• 1#.]#&,~ Filter using that mask and sum:

    121
    
  • [-~ Subtract the left input (17):

    104
    
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2
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JavaScript (ES6), 174 bytes

Derived from this answer by tsh to this other challenge.

Expects (n)(m).

n=>m=>(g=(s,[l]=t=s[0])=>l>1?g([0,...t].map((_,i)=>s.map((r,x)=>(v=r[i-1]||--l)-m?v:(X=x,Y=i,v)).reverse())):s)([[n*n]]).map((r,y)=>r.map(v=>m-=v*=--x*x+y*y<3,x=n-X,y-=Y))|-m

Try it online!

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2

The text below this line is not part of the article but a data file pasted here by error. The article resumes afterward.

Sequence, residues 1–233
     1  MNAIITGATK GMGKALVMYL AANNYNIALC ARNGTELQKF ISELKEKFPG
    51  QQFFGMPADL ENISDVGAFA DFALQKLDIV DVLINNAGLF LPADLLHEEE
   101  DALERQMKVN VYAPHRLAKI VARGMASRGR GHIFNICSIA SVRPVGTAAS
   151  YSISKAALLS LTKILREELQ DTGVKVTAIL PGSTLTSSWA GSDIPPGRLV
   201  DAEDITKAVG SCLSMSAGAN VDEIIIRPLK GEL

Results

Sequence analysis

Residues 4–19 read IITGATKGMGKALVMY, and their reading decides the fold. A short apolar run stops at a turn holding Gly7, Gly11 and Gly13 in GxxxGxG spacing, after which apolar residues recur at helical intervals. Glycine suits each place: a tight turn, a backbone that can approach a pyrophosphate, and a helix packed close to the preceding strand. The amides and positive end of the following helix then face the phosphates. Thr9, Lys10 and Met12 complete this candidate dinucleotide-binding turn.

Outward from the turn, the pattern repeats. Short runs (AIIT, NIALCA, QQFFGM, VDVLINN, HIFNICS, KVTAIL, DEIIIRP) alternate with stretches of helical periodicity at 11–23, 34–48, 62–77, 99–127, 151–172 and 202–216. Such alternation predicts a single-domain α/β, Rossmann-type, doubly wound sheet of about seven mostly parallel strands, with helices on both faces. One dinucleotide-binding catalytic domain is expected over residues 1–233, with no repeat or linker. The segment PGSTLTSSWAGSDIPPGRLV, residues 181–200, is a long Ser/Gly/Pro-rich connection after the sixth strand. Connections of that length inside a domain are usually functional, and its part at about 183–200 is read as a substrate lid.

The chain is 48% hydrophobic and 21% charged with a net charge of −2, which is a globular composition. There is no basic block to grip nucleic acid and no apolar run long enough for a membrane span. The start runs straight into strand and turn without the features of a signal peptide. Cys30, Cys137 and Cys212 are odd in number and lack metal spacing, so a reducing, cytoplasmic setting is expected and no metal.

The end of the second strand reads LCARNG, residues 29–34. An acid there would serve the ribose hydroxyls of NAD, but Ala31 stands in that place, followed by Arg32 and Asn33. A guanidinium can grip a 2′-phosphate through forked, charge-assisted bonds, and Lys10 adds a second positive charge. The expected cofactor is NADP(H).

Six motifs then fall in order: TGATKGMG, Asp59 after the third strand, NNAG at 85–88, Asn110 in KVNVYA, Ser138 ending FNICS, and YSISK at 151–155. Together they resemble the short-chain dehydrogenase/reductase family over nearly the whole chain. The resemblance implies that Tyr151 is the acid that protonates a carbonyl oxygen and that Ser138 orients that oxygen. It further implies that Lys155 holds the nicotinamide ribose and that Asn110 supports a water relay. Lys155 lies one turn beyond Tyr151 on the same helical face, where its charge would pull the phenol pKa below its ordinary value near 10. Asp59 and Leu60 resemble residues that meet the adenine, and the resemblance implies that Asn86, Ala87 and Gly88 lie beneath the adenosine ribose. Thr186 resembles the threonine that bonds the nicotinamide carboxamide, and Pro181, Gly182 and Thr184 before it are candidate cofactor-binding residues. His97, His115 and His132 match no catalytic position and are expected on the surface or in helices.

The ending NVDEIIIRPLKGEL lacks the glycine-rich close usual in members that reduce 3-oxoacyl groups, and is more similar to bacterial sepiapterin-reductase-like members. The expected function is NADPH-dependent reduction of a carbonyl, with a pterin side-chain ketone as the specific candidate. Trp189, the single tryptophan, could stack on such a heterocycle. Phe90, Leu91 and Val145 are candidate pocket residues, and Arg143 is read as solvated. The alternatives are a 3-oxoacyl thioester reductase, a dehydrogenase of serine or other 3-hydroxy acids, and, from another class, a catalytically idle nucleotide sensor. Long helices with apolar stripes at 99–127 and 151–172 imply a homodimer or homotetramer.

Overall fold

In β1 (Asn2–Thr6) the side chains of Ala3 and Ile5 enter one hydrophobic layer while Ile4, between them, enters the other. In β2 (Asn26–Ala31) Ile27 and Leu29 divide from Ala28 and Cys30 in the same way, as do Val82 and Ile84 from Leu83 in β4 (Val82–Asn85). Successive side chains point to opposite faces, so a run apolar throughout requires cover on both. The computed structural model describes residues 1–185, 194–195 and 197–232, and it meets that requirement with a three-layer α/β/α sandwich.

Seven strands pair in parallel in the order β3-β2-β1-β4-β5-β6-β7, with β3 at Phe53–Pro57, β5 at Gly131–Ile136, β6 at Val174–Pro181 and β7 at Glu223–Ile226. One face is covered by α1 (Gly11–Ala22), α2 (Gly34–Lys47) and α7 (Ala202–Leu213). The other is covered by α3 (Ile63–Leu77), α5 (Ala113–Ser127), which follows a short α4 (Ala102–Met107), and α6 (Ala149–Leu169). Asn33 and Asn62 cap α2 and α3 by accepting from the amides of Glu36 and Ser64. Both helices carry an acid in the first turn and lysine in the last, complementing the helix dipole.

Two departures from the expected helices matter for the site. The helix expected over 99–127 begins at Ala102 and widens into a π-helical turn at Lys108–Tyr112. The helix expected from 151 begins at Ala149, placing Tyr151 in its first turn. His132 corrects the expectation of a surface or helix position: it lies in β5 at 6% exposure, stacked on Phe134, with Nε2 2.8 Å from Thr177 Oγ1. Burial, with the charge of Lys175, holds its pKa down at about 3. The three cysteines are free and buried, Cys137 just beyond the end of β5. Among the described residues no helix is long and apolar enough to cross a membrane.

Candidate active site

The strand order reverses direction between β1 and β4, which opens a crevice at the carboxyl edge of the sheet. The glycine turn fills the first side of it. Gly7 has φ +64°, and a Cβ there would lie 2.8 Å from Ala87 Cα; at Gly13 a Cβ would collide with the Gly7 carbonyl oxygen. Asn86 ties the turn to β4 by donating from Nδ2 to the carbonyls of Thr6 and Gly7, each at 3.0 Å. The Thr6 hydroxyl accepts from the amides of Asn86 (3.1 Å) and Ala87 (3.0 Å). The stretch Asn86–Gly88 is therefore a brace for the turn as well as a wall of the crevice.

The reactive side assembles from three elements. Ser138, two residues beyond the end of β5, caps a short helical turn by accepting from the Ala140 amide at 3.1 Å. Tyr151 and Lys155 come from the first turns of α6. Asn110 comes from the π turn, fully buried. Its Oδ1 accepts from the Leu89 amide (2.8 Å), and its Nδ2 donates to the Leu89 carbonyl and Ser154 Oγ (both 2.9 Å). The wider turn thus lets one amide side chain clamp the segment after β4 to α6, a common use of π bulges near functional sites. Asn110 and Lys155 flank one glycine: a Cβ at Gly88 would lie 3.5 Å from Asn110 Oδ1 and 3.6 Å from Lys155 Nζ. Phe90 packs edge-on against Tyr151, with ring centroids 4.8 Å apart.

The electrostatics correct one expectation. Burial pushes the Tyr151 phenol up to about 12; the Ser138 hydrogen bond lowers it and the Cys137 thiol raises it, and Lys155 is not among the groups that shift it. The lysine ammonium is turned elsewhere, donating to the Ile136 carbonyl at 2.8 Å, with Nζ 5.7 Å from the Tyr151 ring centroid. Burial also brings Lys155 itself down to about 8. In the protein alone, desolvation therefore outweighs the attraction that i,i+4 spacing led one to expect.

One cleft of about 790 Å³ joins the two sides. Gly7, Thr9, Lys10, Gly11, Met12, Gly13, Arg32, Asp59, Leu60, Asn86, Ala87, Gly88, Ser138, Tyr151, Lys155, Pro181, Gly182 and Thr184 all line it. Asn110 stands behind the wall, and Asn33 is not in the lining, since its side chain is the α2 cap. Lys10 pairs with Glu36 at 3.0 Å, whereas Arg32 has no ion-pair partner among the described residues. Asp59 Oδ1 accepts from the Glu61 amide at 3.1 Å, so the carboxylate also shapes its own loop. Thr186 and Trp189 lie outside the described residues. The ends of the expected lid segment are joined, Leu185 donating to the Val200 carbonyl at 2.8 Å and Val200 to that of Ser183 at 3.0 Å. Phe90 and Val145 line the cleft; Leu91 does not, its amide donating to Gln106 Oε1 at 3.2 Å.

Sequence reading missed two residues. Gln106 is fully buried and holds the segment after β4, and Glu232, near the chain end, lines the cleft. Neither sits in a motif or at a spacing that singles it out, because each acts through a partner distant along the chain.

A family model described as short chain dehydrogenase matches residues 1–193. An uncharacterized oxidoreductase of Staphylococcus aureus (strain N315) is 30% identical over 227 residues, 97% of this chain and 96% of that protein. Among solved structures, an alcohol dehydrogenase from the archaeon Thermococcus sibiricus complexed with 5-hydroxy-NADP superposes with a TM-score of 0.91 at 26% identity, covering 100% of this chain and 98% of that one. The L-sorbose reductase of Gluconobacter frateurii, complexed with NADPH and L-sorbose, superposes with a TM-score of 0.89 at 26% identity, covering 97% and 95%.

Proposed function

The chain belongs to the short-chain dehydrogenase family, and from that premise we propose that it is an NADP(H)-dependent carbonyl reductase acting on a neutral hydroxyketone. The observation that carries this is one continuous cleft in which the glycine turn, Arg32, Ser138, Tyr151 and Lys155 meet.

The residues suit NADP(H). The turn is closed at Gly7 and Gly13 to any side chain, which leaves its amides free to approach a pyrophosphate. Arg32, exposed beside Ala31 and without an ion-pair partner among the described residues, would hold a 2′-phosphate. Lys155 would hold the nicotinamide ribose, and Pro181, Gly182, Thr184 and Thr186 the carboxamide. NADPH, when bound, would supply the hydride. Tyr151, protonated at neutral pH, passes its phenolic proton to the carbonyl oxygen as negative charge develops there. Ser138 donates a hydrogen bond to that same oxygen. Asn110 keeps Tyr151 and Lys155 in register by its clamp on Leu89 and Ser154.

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Charcoal, 60/62 bytes

F⊗N≔⁺⟦Eυ⊕λ⟧E∧υ⌊υ⁺LυE⮌υ§μλυNθ≔⊟Φυ№ιθηIΣEΦυ‹↔⁻κ⌕υη²ΣΦι‹↔⁻μ⌕ηθ²

Try it online! Link is to verbose version of code. Explanation:

F⊗N≔⁺⟦Eυ⊕λ⟧E∧υ⌊υ⁺LυE⮌υ§μλυ

Input n and generate the spiral using the method from my answer to Print a NxN integer involute except 1-indexed.

Nθ≔⊟Φυ№ιθη

Input m and find the row containing m in the spiral.

IΣEΦυ‹↔⁻κ⌕υη²ΣΦι‹↔⁻μ⌕ηθ²

Extract the neighbours of m and output the sum.

Note that the 5, 17 test case includes the 17 itself in the total; if this is not wanted then it can be subtracted at a cost of 2 bytes:

F⊗N≔⁺⟦Eυ⊕λ⟧E∧υ⌊υ⁺LυE⮌υ§μλυNθ≔⊟Φυ№ιθηI⁻ΣEΦυ‹↔⁻κ⌕υη²ΣΦι‹↔⁻μ⌕ηθ²θ

Try it online! Link is to verbose version of code.

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2
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Google Sheets, 423 bytes

Assuming \$n\$ is in A1 and \$m\$ is in A2.